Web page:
Fireworks are similar, as you often want to shoot more than one burst, which requires a longer exposure.

Night Photography Fireworks Photography

The "500" rule
When shooting the night sky, you can choose to shoot "Star Trails" or just the night sky. When shooting star trails, you need to use a long exposure - typically 10 minutes or more. This will capture the apparent movement of the stars in the sky (as we know, the stars don't move, but the earth does).

However, you may choose to capture a picture where the stars don't move. There is a formula used by astro-photographers to determine the longest exposure you can use so that there WON'T be star-movement. This is called the "500" rule (sometimes called the "400 Rule" or "600 Rule"). This rule indicates that you divide 500 (or 400 or 600) by the lens focal length. This will yield the longest exposure you can use before stars start to "trail". Many consumer DSLRs have a sensor that is smaller than what is considered "full frame". These sensors often have a crop factor of about 1.5x. This will affect the longest exposure (see the chart below).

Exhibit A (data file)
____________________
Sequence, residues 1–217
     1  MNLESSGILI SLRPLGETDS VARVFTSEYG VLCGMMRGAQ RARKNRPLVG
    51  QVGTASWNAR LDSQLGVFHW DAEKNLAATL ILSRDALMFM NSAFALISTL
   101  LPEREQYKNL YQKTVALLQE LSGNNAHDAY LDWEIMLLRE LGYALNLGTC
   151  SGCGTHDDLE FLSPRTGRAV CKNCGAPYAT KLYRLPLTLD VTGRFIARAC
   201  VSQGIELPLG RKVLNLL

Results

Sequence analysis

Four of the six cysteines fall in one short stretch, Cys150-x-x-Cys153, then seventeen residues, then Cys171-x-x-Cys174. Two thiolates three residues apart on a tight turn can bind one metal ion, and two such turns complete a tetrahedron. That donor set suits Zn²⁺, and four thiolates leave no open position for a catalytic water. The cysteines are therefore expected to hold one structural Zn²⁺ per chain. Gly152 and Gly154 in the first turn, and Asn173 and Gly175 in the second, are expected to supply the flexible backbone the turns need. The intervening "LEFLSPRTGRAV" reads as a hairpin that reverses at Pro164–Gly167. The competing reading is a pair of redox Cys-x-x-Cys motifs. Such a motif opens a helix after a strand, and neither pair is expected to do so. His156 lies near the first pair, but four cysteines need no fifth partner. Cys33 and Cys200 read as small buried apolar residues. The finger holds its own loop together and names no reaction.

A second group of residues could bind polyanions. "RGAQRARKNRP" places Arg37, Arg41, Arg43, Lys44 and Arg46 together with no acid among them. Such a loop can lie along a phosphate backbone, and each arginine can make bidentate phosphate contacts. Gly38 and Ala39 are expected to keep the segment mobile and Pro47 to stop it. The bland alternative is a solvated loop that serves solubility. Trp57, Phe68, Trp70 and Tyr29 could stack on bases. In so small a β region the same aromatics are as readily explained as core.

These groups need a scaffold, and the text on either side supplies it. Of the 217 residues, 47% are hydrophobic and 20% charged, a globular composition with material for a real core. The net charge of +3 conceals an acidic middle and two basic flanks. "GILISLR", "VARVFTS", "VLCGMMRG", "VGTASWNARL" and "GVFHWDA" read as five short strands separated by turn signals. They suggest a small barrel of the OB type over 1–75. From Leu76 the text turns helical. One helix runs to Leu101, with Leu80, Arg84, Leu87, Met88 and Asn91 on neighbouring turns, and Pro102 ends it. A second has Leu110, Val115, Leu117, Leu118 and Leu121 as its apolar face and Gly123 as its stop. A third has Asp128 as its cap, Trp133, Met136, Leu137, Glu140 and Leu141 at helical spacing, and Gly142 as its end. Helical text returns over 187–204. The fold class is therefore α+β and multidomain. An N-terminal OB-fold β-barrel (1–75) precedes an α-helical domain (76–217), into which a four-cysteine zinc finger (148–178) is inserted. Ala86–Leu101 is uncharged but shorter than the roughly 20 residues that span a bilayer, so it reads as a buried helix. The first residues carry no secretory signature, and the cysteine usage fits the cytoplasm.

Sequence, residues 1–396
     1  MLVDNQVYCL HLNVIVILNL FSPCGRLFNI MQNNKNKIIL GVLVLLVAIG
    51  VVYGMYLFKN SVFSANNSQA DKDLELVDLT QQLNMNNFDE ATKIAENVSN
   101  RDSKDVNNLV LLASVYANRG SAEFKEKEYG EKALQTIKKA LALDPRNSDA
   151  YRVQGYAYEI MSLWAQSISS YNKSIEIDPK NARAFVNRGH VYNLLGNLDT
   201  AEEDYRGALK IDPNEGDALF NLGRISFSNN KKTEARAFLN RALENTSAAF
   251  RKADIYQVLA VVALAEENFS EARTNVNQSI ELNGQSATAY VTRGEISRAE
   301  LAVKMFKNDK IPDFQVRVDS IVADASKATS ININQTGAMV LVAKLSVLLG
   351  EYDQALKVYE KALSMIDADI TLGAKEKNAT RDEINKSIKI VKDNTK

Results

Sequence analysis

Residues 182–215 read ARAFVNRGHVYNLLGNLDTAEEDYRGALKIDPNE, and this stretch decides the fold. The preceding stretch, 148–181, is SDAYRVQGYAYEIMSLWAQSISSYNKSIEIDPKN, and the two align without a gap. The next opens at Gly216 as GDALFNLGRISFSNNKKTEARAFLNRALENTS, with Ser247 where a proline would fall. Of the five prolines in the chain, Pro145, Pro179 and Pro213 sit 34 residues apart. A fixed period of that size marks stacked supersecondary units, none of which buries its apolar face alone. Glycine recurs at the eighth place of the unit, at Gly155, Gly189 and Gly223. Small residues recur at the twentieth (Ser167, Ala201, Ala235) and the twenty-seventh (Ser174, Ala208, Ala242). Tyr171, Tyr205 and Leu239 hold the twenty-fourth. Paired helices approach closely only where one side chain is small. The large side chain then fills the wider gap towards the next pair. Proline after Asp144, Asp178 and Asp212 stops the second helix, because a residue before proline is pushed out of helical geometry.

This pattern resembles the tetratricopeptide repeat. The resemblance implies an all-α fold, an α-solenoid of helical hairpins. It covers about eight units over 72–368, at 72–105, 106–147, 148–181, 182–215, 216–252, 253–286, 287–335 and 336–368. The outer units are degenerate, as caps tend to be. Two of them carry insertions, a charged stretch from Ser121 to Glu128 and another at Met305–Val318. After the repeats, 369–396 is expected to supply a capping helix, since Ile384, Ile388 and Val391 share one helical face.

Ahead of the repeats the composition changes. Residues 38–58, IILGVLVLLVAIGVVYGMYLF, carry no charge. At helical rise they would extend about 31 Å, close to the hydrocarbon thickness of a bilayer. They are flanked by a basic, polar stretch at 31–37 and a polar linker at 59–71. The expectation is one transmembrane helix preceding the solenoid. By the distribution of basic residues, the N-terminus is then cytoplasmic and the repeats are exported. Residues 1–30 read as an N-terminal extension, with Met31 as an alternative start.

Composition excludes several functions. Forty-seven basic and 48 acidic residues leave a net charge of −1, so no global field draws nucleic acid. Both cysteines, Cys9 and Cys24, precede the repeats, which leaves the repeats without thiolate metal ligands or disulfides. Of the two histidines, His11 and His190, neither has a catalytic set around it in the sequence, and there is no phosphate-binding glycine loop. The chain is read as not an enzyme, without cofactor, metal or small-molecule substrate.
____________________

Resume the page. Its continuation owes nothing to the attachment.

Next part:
Here's an example shot deep in the Everglades taken with a 20mm lens shot at f2.8, ISO 3200 with a shutter speed of 3.4 seconds with a full-frame sensor camera. (the lights in the background are from Miami, FL - about 50 miles away):


 Longest Exposure (based on the Sensor Size) to prevent star "movement"
Lens Focal LengthFull-Frame SensorAPS-C Sized Sensor (1.5x crop factor)
10mm50 seconds33 seconds
16mm31 seconds21 seconds
20mm25 seconds17 seconds
24mm21 seconds14 seconds
35mm14 seconds10 seconds

As you can see, the exposure time is dependent on the "effective" lens focal length. It is difficult to get a good exposure with anything greater than about 35mm, as the maximum exposure time is significantly reduced, which would require extreme ISO speeds.

To get a good image, you'll probably want to shoot with your lens at it's largest aperture (e.g., f2.8, f4, etc.)and will have to experiment, varying the ISO speed and exposure length.

Shoot RAW and Post Process

In addition to the advantage of deciding the White Balance AFTER shooting, RAW images provide a lot of other advantages (see our e-Tip on RAW vs JPEG here: http://www.photocheatsheets.com/eTips.aspx?et=30).

Post Processing isn’t very difficult, plus it provides you with a way to create professional-quality images – something that just isn’t possible with the JPEG images digital cameras produce.

JPEG images shot in the camera will yield just OK results - RAW images will yield MUCH better results - especially with low light, high contrast photography. Here's an example of the above image shot in RAW and post-processed (on the left) and the JPEG image right out of the camera. (Click for a larger image)


In Summary...

With the right techniques and tools, night and low-light images can become an integral part of your photography.

Check out these e-Tips for more information: